Some march. Some malinger. A few make it all too obvious how long it’s been since they put one purposeful foot in front of the other

I can’t help wondering just how many new year resolutions banked on “a good walk" as a short cut to the paths of redemption.

Our festive season tends to be the last major blow-out before the lantern of new hope is lit.

Jogging suits and exercise bikes take over from party hats and groaning tables. A frantic search for twinkling toes and determined jaws starts all over again.

Sadly, it’s not long before most of those good intentions  are lost on the next lap of the rat-race.

Even a “good walk” becomes about as common as an empty parking space when the new year sales balloon goes up.

Yet it seems to me like only yesterday when walking and biking some distance were integral parts of daily life. 

Of course, much of it was born out of necessity before the car ruled our roads  but much off it could be called a simple pleasure because traffic was not there to clutter up the system.

Youngsters walked to school and back, especially in the villages. Men strolled to the fields and spent most of their day outside on the move. Mothers walked to the shop for a bag of sugar, to the chapel to dust pews, to church to change flowers, to neighbours to chew over news.

Paint any Norfolk picture of some 60 years ago and you find folk walking, chatting to each other, soaking up the gossip and keeping cobblers in business by wearing out their boots and shoes.

The contrast with current trends is all too plain.

Children mostly travel to school by car or bus rather than take the air. In some cases, this makes good sense, especially with a need to safeguard the very young against twin perils of congestion and pollution.

However, older pupils could make more of an effort to get there and back under their own steam, particularly when you tot up numbers of vehicles used for the school run.

The sheer habit of driving or being driven anywhere and everywhere leads eventually to the sort of chaos we see regularly in Norwich with useful impressions cropping up in many towns and parishes.

What chance, then of the good old walking habit catching on again? I fear only harsh legislation will cut mechanised mayhem in many quarters.

Left with a choice, a clear majority would still take a chance while complaining long and loud that something really ought to be done about this mess.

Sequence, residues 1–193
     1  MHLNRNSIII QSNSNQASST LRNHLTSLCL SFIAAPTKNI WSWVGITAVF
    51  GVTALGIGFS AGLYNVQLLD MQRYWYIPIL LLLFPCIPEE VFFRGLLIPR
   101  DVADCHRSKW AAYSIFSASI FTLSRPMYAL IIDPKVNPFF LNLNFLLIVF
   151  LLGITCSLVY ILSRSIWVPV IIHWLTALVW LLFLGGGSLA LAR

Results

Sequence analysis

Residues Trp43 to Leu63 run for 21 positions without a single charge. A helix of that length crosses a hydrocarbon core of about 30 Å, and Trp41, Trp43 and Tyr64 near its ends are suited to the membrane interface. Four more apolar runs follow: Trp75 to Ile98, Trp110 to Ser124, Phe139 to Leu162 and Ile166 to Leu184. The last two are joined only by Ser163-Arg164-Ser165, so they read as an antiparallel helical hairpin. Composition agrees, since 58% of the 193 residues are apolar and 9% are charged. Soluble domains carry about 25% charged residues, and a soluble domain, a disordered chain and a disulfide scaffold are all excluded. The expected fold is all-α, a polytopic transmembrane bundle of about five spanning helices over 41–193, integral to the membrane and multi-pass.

Still, it must be worth offering vibrant examples from Norfolk’s past in hope of inspiring a resurgence of working wonders to stride in harmony with our much-vaunted passion for treating ourselves and our precious environment with a dash more respect.

Walter Rye was the last Mayor of Norwich in 1908-09 before the office was elevated to a Lord Mayoralty. From the age of 21, all his holidays were taken up by walking and cycling excursions into darkest Norfolk or sailing on the Broads before they became a brazen tourism playground.

He was a big chap, standing just under six feet and he weighed 14 stone in middle age.

He became a champion walker  and rowed, sparred and took up pistol shooting and archery.

Walter became a pioneer cyclist at 43 and rode a tricycle well into old age.

Another prime pedestrian from well over a century ago, Ben Bray was a late developer.

He first put on his racing shoes at 38 and soon tasted success when he came first from virtual scratch in a two-mile walking handicap at King’s Lynn.

Founder of West Norfolk Harriers, he improved with age, his most successful season coming when he was 43. He finished second to world champion Butler in the prestige London to Brighton Walk, covering over 52 miles in nine hours, six minutes.

Let me suggest that when they do get round to banishing all cars from the centre of Norwich and a few suffering towns, the Brayvadoes will stroll in from north and south and the Ryesanshines from east and west.

When that lead-free gun is fired to signal the start of car-free streets, will you be there to breathe new meaning into that ole line about enthusiasts from all walks of life? 

It must be significant to find so many popular songs and inspirational quotes  on this subject. I often warble along with Walking Back to Happiness, Walk on By and You’ll Never Walk Alone.

JRR Tolkien mused: “Not all those who wander are lost” while Jack Kerouac hit the road with: “There was nowhere to go but everywhere”.

An old Norfolk friend with thousands of local miles on the clock reassures me: “Walking can bring you back to yourself.”